With great respect, I continue to read Ayya Khema. This time on how to work with strong emotions and thoughts during meditation:
A very important way to work with these is to label them, drop them, and then go back to the breath . . .
. . . We give the disturbance a name, identify it, so that we know what it is; then we drop it and get back to the breath. The thought or emotion dissolves by itself after having been labeled, because we have become an objective observer. We are no longer subjective. As an observer we watch the occurrence, but we do not go into it, and therefore there is space for the emotion to fold up and vanish.
If Ayya Khema was still alive, I would engage her in the following questioning:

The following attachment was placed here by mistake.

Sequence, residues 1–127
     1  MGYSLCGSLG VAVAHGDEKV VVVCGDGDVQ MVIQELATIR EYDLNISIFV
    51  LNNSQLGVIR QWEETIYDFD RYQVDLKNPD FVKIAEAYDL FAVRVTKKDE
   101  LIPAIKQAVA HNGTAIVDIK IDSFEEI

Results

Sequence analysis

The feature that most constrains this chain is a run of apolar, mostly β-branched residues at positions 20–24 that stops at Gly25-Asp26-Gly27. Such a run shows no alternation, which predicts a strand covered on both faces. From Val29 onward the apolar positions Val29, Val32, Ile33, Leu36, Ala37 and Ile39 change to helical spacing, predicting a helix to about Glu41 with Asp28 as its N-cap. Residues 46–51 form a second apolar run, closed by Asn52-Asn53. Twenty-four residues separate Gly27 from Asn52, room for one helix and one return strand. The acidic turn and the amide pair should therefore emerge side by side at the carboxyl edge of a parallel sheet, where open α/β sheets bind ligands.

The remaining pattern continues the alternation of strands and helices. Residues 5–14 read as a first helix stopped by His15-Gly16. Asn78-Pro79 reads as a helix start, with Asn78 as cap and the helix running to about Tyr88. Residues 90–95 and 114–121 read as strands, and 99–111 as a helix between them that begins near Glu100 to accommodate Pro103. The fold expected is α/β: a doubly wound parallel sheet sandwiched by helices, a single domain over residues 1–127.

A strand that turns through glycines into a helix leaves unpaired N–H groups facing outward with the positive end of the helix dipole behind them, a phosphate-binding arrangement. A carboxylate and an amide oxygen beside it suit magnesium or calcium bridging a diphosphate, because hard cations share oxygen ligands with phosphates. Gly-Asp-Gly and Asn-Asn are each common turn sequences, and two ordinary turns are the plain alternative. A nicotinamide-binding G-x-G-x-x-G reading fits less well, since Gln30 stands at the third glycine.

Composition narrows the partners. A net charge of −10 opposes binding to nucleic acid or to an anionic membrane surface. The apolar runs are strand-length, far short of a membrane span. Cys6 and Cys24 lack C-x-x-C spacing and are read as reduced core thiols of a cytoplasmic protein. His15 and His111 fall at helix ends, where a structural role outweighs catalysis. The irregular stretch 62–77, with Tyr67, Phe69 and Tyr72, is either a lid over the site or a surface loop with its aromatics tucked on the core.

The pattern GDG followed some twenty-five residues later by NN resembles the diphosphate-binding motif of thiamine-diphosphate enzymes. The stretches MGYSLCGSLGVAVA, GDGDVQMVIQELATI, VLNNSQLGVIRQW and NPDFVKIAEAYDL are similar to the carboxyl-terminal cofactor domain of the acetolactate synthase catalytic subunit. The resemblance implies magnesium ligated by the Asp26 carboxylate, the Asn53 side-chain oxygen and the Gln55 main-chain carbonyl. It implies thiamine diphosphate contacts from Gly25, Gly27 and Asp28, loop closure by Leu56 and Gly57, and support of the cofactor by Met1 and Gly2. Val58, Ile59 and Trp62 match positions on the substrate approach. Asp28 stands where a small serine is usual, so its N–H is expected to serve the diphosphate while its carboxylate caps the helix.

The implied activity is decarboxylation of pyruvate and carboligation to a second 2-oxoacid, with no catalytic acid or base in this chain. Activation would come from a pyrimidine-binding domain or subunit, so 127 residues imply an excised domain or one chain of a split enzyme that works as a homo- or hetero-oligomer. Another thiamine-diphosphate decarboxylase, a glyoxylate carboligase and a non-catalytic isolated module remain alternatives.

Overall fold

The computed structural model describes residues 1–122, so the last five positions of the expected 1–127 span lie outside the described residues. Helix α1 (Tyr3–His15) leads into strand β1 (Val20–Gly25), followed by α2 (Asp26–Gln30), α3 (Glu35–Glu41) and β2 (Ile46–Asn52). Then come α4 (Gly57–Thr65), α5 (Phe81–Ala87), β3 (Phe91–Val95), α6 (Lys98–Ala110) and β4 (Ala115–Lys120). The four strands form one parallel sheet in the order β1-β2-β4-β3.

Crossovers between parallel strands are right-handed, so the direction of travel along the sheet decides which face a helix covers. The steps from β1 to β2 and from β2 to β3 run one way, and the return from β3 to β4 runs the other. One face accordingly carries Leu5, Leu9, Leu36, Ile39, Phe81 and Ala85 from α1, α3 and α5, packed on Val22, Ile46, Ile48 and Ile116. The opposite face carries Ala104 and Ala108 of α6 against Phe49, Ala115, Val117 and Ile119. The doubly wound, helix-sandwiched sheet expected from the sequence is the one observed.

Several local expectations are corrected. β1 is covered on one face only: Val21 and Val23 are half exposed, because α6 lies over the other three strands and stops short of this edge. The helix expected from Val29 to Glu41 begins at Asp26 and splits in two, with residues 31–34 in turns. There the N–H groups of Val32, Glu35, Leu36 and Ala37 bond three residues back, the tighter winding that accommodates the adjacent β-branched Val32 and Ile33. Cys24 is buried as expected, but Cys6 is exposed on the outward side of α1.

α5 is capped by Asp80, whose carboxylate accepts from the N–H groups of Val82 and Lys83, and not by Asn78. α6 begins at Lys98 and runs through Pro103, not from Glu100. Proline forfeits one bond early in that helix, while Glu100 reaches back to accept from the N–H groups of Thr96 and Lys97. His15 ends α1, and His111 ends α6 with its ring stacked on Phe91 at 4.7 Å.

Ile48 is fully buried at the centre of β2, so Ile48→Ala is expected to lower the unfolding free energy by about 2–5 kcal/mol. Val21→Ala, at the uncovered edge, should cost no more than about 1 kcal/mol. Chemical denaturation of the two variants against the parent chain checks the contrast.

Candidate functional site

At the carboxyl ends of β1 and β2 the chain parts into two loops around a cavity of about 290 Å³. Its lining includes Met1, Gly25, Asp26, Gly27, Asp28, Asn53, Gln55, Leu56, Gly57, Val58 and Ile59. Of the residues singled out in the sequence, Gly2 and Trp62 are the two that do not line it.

What happens when one cannot clearly identify the emotion and the bodily sensations associated with it?
Even when one 'knows' the emotion that is experienced, doesn't labeling run the risk of tying one into thinking mind?
Instead of labeling, would it be more beneficial instead to engage in felt noting? - I just made up the expression felt noting, to describe the act of experiential noting, in felt, not verbalized sense. When I sit, I am aware of various states, in deeply felt sense.
Does putting words on experience run risk of reducing it? Even if I know I am experiencing anger, the word anger itself is loaded with connotations that may not do justice to the more complete, felt experience. Same with the breath. Rather than noting 'rising, falling, rising, falling . . .' as instructed by U Pandita, for instance, woudn't a more skillful way be to just be with the experience of each in and out breath?
What is your take?